April 21, 1996 in City

Why Should The Less Affluent Catch Bus In A Drab Barn?

Bridget Dagg Contributing Write
 

Spokane Transit Authority’s Plaza opened last summer amid some fanfare and a seemingly endless barrage of criticism. Every time you opened the newspaper or turned on the radio or the television, STA was being lambasted for how much it spent on a cavernous structure accented with, among other lavish amenities, granite floors, mountain lion sculptures and waterfalls.

It wasn’t long, however, before these attacks began to ring hollow. It sounded as if the critics weren’t complaining so much about cost overruns and wasteful spending as about the fact these expenditures were for a lowly bus depot.

Long before the Plaza’s unveiling it was obvious that public transportation is not of great concern to most Spokane residents. The number of regular STA passengers pales in comparison with the ranks of those who drive their own automobiles to work, school or the mall.

Many people consider the bus too inconvenient. If the morning routine involves more than looking for the car keys, forget it.

Some believe traveling by bus is beneath them. The thought of sharing a seat with certain types of individuals is too much to bear.

The truth is that most people have not even tried bus. It is no wonder, then, that so many whined and moaned about what they perceived to be unwarranted spending on an unworthy project.

If the Plaza had been a sports and entertainment center it no doubt would have received rave reviews and engendered much enthusiasm for its potential to attract superstar athletes and performers. It is curious that the same people who condone the expenditure of tens of millions of dollars for a facility that may provide them with half a dozen afternoons or evenings of entertainment per year cannot tolerate similar spending on a facility that will serve bus riders daily for decades.

It boils down to this: The Plaza serves primarily average, low-to-middle-income citizens who just can’t compete with the Michael Jordans and Garth Brooks of the world.

Still, it is no less deserving of public funds or fancy decorating. Catching a bus may be more mundane than catching a game or a concert, but that does not require the Plaza to be a whitewashed institution devoid of aesthetic qualities.

Many European and American cities generously bestow funds on their public transportation facilities and take great pride in them. In fact, the purchase of such amenities as sculpture, art work, imported tile and potted trees create a civic spirit. Of course, these are cities where a much larger percentage of the citizens commute by bus or light-rail transit.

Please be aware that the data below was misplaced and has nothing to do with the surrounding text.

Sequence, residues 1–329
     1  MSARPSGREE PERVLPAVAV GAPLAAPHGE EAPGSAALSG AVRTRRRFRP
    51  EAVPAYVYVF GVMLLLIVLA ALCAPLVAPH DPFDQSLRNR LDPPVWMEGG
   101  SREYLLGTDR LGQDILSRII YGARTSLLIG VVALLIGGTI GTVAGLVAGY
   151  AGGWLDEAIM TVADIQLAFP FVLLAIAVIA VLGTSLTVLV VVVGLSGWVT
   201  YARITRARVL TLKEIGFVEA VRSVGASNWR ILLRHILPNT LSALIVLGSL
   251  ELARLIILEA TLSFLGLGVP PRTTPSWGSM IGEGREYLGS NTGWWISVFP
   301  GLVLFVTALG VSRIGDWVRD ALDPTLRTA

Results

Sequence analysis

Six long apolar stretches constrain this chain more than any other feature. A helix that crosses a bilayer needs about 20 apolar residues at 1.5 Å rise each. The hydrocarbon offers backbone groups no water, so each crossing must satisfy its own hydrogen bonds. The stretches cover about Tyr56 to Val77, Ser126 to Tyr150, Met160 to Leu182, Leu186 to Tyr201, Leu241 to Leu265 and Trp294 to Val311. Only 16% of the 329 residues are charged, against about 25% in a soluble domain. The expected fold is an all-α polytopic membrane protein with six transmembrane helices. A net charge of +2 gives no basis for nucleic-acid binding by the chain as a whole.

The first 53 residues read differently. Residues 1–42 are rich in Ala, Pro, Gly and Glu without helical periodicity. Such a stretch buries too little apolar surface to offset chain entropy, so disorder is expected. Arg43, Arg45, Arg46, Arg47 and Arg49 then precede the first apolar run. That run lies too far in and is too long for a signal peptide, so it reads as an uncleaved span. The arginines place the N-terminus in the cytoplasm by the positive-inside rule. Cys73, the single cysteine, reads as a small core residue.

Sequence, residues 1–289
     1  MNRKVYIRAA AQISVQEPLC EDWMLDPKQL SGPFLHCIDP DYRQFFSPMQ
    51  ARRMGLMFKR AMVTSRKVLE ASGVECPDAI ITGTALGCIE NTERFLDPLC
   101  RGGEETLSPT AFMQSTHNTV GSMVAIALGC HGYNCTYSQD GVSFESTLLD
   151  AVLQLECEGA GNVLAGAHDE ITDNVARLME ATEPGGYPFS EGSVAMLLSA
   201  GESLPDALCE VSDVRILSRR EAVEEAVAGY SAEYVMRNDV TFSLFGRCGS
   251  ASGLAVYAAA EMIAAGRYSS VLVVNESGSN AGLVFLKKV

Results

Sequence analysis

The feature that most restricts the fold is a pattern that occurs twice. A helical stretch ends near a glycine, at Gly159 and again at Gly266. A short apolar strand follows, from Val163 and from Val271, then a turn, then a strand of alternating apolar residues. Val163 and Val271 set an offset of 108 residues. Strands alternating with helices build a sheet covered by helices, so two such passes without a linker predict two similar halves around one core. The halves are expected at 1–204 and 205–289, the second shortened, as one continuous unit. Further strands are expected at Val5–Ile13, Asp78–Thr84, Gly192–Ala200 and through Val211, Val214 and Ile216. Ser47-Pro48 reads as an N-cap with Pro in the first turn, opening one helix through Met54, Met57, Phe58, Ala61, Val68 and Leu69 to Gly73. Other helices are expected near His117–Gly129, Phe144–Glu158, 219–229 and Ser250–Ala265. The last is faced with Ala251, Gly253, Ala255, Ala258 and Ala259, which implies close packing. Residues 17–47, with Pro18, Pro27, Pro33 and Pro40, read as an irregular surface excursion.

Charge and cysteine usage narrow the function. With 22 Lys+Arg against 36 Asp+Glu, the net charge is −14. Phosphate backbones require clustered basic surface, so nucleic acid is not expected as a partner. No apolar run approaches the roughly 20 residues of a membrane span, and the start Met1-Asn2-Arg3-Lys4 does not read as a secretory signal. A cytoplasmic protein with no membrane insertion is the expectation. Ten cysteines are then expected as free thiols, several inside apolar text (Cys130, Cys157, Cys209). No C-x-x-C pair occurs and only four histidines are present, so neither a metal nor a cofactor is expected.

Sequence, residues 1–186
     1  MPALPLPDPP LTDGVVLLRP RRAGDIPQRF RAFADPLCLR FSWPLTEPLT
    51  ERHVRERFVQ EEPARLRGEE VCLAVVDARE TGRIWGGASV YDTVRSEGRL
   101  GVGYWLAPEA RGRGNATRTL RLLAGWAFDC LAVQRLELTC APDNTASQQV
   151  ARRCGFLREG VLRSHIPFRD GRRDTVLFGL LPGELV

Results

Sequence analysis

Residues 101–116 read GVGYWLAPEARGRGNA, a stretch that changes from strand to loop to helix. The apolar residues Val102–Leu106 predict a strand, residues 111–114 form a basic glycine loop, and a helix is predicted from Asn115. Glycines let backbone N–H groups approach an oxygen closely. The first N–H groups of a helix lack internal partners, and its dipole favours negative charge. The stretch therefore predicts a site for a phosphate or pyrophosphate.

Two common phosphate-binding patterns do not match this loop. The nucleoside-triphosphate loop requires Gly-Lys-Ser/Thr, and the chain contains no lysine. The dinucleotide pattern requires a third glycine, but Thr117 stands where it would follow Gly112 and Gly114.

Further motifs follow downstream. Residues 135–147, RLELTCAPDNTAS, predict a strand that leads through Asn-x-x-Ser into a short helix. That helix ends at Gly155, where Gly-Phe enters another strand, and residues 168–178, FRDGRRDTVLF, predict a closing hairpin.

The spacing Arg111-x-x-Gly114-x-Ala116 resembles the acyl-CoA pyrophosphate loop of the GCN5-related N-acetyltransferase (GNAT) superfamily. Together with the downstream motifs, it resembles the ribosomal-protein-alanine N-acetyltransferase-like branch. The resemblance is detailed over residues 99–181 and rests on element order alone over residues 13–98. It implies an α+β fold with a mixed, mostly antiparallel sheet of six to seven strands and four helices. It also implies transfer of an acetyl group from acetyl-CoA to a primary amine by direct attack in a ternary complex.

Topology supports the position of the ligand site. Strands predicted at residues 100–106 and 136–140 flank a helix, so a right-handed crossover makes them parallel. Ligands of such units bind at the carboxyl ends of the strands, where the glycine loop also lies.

So it seems that all the anti-Plaza hoopla was selfish blather. Unless some citizens get direct and immediate gratification from a project, they label it wasteful and useless.

I don’t golf; therefore, golf courses should not receive public funding. My kids are grown and out of the house; therefore, public parks and swimming pools only drain our public coffers. I don’t ride the bus; therefore, expenditures on the Plaza are outrageous.

This self-centeredness is why public transportation doesn’t seem able to get a toehold in Spokane.

Commuting by means other than alone in your own automobile may require some sacrifices and minor inconveniences, but there are significant benefits. On a small scale, there will be less wear and tear on your automobile, savings on parking and gas, less stress. On a grander scale, expect reduction in air pollution, conservation of fossil fuels and fewer accidents. Unfortunately, Spokanites do not appear to comprehend or appreciate these potential benefits. At least not yet.

Spokane has relatively recently begun to experience a few growing pains. The city’s population is still small enough, though, that commuters have the luxury of driving in traffic that actually flows and of finding adequate and affordable parking. The day will come, however, when congestion, gridlock and parking-at-a-premium will prevail and alternative means of transportation will become more attractive to more people.

On some cold, gray winter morning in the not too distant future, former naysayers, having discovered out of necessity the benefits of commuting by bus, may realize STA’s money was well spent.

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The following fields overflowed: CREDIT = Bridget Dagg Contributing writer


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